love and care. All their physical and emotional needs were met
and as a result they yielded enormous amounts of milk.
123. When human greed, that results in the brutal exploitation of
natural resources, for want of profit – crept into peoples’
hearts – the Vedic civilisation started to crumble down. From
recent human history we can learn that all the empires [to
name a few; Old Egypt, Babylon, Mesopotamia, Persia, Old
Greece, Roman Empire, Ottoman Empire…] which were
based on hedonism, exploitation, and violation of spiritual
and natural laws – unceremoniously crumbled and forever
vanished from the face of the world.
124. If we (decent human beings) want to leave a happier world to our
posterity; the world based on natural laws, then we must apply
the same principles that once prevailed in the Vedic civilisation.
As you could see in this presentation, the modern human society
is repeating the same pattern of behaviour as the aforementioned
125. One of the principles is animal (in particular - cow) protection. On
the contrary, we can expect in the foreseeable future total break
down of the planet’s ecosystems and more wars for the remaining
resources – water, land, food and energy.
126. In the Bhagavad-gita, the oldest holy
scripture in the world, God asserts that the
unnecessary killing of other living beings is
one of the most sinful activities which
generates severe karmic reactions both on
individual and collective levels alike.
Those reactions sometimesThose reactions sometimes
manifest …manifest …
128. “Men do not understand that because they unrestrictedly kill so
many animals, they also must be slaughtered like animals in
big wars. The reaction must be there.
You are killing innocent cows and animals. Nature will take
revenge. To kill cows means to end human civilization.”
(A.C. Bhaktivedanta Swami Prabhupada)
129. “We are suffering or enjoying the results of our
activities from time immemorial, but we can change
the results of our karma, or our activity and this
change depends on the perfection of our knowledge.”
A.C. Bhaktivedanta Swami Prabhupada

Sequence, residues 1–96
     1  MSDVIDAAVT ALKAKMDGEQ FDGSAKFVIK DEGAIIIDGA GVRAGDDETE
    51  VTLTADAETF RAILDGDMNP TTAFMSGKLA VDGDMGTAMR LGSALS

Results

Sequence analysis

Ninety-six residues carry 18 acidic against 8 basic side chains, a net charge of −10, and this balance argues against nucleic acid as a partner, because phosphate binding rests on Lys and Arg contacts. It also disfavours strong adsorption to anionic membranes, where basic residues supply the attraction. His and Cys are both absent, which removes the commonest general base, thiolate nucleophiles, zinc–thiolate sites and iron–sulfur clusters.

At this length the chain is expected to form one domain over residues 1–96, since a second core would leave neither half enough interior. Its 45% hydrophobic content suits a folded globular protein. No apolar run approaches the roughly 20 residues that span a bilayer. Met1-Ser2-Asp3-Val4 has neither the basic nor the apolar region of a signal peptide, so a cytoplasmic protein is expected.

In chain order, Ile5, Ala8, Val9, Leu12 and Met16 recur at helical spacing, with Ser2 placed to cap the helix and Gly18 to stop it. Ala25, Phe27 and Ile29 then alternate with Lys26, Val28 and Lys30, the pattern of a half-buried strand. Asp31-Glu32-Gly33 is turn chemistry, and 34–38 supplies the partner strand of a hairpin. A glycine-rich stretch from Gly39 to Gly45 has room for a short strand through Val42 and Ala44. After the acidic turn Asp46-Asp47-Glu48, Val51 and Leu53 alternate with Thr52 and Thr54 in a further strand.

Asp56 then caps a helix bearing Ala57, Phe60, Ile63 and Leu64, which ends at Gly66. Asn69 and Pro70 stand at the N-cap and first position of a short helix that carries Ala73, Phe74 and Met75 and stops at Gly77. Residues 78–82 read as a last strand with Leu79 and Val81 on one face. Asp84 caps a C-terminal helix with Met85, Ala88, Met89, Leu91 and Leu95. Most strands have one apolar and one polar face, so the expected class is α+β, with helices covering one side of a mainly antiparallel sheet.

130. “As long as men massacre
animals, they will kill each
other. Indeed, he who sows the
seeds of murder and pain
cannot reap joy and love.”
Pythagoras (6th century BC)
131. In the last 50 years human
activity has destroyed 1/3 of
the planet’s natural wealth and
may now be creating climatic
chaos. And yet, politicians
consider economic growth
more important than keeping
the world fit for human
134. What’s needed today is a return to humane, pasture-
based dairying, small-scale traditional processing and
direct farm-to-consumer sales. In short; natural cow
husbandry where cows are not exploited, but rather, well
maintained and protected for life.
135. Please share this presentation with other people.Please share this presentation with other people. We may not
destroy commercial cow farms in the foreseeable future, but we
may increase large-scale awareness of the dire consequences of
136. If you are a farmer with your own non-industrial dairy production
unit, try selling raw milk in outlets located in the nearby towns,
using ‘milkomat’ ie. milk vending machine. Please read the whole
article on how it works in Slovenia.
You may also cooperate with other like-minded milk producers by
forming the ‘Raw milk producers/sellers union’.
137. “Nothing will benefit human
health and increase chances for
survival of life on Earth as much
as the evolution to a vegetarian
“Everyone of us can make a
difference. Every act of
conscious eating, of knowing
what the consequences of your
eating are, of knowing what
you are eating – is the act of
changing the world.”
Dr. Vandana Shiva
140. This slide presentation has been made according to the philosophy of
the Srimad-Bhagavatam and Bhagavad-gita and the teachings of A.C.
Bhaktivedanta Swami Prabhupada, a genuine spiritual master who
made the spiritual tradition of the ancient Vedic literatures available to
the whole of humanity.
For more info, please visit www.krishna.com
Author of the presentation:
Vladimir Pavic (Vrisabha das)
Text edited by Emma Hollenbach
ISKCON “International Society for Krishna Consiousness”
Founder A.C. Bhaktivedanta Swami Prabhupada